Jean-François Rauzier’s monumental photographs, or “hyperphotos,” as he terms them, are gigantic, hyper-realistic photographic reconstructions of architectural locations, ranging from the galleries at the Metropolitan Museum of Art in New York to the halls of Versailles, France. Taken from multiple angles and distances, each of his compositions is made up of hundreds and often thousands of digitally composed and reconstructed images with unusually high resolutions. What this achieves is a visual language of extraordinary detail that allows the viewer to zoom in on the most minute details in the midst of vast scale. Compounding the complexity of these works is how the artist juxtaposes, duplicates, and manipulates images to create “hyper-real” architectural fantasies where the real and unreal collide.
Amy Casey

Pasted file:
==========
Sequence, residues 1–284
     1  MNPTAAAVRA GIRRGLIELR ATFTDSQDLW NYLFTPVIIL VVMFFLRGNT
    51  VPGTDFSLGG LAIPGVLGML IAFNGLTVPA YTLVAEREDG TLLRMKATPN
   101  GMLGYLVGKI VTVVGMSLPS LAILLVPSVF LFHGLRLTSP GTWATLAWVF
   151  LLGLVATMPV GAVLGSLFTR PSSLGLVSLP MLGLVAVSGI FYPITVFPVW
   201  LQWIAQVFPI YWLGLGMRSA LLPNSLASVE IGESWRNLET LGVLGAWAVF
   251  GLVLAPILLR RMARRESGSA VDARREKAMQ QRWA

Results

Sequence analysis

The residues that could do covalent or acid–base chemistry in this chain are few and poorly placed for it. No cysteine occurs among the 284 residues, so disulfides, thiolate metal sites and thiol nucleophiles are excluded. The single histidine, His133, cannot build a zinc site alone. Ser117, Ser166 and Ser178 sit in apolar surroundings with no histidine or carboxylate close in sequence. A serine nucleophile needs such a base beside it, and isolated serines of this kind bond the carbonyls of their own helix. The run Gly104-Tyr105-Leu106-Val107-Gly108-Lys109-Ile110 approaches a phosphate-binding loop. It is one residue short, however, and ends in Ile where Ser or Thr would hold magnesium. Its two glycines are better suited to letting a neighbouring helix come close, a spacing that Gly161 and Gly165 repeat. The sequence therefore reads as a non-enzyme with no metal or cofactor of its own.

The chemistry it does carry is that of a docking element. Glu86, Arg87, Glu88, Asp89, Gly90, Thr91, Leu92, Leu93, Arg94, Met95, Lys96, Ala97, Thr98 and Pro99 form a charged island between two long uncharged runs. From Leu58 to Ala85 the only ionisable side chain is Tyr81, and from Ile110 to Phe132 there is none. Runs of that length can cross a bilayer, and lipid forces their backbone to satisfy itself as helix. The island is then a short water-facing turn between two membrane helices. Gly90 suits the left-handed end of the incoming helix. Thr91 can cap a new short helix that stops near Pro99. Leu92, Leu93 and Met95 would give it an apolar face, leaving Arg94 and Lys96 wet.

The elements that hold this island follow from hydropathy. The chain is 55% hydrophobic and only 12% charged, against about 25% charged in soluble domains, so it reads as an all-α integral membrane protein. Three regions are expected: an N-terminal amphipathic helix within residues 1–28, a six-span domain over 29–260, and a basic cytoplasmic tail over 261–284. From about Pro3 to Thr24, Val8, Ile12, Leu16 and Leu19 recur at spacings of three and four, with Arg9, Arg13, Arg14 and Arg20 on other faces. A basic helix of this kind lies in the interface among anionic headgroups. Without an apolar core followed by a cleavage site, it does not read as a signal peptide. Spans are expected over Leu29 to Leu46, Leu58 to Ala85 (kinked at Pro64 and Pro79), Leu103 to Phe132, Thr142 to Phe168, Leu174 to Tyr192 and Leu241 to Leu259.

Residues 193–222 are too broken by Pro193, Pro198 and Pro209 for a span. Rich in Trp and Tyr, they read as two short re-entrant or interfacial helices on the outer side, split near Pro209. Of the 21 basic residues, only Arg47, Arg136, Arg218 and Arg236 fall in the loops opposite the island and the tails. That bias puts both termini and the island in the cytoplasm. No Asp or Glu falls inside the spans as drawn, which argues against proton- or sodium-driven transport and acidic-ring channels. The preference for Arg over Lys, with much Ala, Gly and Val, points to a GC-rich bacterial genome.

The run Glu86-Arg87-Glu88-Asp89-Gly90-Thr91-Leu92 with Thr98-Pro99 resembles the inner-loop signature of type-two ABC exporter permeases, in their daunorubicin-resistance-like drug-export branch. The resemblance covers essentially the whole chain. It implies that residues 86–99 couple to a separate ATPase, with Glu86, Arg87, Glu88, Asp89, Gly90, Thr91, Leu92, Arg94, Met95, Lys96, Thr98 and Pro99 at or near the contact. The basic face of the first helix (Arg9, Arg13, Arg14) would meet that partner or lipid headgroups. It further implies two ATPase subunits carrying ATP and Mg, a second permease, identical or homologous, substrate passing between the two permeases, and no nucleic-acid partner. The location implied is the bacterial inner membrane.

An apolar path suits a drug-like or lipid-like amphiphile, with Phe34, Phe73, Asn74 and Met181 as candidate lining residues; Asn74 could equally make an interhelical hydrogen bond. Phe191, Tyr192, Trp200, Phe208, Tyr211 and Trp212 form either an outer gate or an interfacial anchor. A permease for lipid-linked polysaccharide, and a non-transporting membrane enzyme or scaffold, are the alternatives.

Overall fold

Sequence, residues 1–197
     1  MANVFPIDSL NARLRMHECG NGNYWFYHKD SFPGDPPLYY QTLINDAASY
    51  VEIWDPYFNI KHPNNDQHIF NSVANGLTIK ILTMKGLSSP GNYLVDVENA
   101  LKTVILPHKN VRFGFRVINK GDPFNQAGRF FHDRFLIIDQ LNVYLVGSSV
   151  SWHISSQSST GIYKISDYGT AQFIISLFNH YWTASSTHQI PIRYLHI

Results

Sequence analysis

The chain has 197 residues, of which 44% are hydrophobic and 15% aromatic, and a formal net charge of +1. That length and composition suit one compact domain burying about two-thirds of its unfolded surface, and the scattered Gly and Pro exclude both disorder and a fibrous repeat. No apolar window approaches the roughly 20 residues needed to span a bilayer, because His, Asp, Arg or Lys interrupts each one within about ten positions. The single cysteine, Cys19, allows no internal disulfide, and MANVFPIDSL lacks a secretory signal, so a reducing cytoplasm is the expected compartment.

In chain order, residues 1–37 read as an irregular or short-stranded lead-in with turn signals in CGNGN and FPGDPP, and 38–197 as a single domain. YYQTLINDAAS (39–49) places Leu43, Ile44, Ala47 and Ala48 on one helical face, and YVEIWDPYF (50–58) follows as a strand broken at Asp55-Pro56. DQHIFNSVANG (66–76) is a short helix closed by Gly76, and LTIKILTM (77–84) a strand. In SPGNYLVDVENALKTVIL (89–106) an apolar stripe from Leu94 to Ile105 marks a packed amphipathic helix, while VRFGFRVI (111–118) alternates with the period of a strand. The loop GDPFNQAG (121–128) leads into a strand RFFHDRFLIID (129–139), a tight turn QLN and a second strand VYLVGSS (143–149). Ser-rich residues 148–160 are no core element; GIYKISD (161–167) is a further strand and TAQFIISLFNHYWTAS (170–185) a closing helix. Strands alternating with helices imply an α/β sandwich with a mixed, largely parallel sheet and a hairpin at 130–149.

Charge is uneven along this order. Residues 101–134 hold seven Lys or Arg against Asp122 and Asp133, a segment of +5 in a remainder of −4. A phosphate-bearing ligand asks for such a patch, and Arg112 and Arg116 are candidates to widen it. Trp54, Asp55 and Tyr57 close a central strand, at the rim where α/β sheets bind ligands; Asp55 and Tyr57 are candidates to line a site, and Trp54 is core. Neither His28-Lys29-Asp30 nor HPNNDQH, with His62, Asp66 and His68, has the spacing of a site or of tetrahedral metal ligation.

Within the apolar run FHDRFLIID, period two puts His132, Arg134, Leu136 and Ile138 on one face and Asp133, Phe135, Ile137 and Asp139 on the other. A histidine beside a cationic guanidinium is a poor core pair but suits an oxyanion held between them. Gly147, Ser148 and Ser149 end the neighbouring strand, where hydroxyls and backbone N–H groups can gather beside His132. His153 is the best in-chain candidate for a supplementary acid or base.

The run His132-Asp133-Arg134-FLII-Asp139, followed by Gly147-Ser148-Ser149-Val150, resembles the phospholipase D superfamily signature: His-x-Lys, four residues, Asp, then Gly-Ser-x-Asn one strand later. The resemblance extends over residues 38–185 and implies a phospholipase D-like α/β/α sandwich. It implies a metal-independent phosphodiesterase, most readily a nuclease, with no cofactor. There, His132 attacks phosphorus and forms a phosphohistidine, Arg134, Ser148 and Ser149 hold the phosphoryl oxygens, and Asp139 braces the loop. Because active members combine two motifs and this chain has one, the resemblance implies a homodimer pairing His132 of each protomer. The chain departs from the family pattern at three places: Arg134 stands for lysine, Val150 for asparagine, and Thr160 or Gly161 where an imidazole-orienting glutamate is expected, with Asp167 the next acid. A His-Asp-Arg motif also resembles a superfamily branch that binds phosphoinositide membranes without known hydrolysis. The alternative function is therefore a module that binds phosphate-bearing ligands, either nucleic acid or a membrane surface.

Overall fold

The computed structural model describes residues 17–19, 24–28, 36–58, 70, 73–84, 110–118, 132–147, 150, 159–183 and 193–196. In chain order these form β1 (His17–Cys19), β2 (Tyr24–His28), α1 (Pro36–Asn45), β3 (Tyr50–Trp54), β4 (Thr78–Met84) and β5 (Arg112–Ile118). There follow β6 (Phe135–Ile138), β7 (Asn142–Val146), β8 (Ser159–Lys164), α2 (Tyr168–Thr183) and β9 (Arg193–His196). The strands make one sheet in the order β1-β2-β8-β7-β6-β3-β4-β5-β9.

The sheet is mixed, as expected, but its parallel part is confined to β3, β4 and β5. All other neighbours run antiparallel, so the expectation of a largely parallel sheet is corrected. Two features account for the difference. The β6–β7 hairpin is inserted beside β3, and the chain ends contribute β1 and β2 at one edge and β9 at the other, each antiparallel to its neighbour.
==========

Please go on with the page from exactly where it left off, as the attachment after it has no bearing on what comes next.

More elusive and steeped in richly tactile, almost viscous surfaces are Matthew Kolodziej’s abstract canvases. His paintings are initially based on his perceptions and documentation of actual archeological and/or architectural sites that he photographs, renders into computer drawings, reconstructs conflating multiple points of view, and then projects onto canvas as a foundation for thick, densely layered paintings. The results are a complexity of tenuous, ever-shifting spatial perspectives that seem to alternate between expansion and contraction, creation and destruction, stability and chaos. In these mesmerizing paintings Kolodziej explores the archaeology and architecture of space, metaphorically probing sites of construction, demolition, transition, and catalytic change.